Coleridge creates a sense of horror though his descripition of the lady life-in-death.
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Death and Life-in-Death are allegorical figures who become frighteningly real for the sailors, especially the Ancient Mariner, whose soul Life-in-Death "wins", thereby dooming him to a fate worse than death. Even those sailors whose souls go to hell seem freer than the Ancient Mariner; while their souls fly unencumbered out of their bodies, he is destined to be trapped in his indefinitely - a living hell.
Life-in-Death, who takes on the form of an alluring naked woman, represents perpetual temptation. Because she wins the Ancient Mariner's soul, he is doomed to die only when he has paid his due...perhaps never. As we learn later, the Ancient Mariner is cursed to continually feel the agonizing compulsion to tell his tale to others; although telling the tale allows him temporary relief, he may never be free. First, he and the sailors are denied the satisfaction of drinking; now the Ancient Mariner will be denied the satisfaction of being able to die. His spirit is trapped in his own body, in an excruciating state of limbo - the realm of Life-in-Death. His "glittering eye" suggests more than madness; it is also a synecdoche representing his soul, which longs to be released from living death. It yearns to fly out of his body like the two hundred other sailors' souls did. In fact, when the sailors' souls are released, they fly past the Ancient Mariner with the same sound as the arrow he shot at the Albatross. Initially, the Ancient Mariner is relieved to have survived his shipmates, but in retrospect the sound tantalizes him, as it reminds him that his impulsive sin is the reason for his torture.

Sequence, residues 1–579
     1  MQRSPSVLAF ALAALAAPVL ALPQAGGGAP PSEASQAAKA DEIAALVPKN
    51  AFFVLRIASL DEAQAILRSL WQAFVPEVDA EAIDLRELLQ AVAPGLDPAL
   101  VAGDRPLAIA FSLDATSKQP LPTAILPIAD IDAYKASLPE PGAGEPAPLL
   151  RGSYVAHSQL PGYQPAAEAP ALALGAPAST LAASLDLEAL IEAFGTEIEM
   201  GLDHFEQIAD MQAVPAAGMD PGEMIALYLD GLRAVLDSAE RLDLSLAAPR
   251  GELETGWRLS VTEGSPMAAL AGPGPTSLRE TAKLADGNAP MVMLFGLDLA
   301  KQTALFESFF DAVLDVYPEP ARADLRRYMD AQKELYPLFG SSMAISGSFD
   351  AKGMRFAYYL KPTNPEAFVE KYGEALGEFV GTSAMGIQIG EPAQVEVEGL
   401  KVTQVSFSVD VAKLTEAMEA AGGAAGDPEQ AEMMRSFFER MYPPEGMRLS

Part 3 introduces the theme of imprisonment. As we have said, the Ancient Mariner is doomed to be trapped in a state of deathlike life; his own immortal body is his prison. The ship itself is a prison for the sailors when there is no wind to carry it. Even before the ghost ship comes near enough for the Ancient Mariner to see its crew, it seems to imprison the very sun with its masts. This symbolizes Death and Life-in-Death's level of power; they have so much sway over the natural world and its inhabitants that they can jail the sun itself. The natural world seems to have this power, as well: the sailors are trapped in the "rime" by impenetrable ice until the Albatross sets them free. For this reason, many have interpreted the Albatross as Christ, and the Ancient Mariner as the archetypal sinner. The Albatross has the power to guide the sailors just as Christ has the ability to guide men's souls to heaven. By sinning on impulse, the Ancient Mariner ruins his chances at salvation, and is condemned to the eternal limbo of Life-in-Death. This interpretation implies that every time a person sins, he destroys his relationship with Christ and his chances of reaching heaven, and must redeem himself through acts of atonement. Just as people wear crucifixes around their necks to remind them of Christ's sacrifice and their responsibility to him, the sailors hang the Albatross around the Ancient Mariner's neck to remind him of his sin.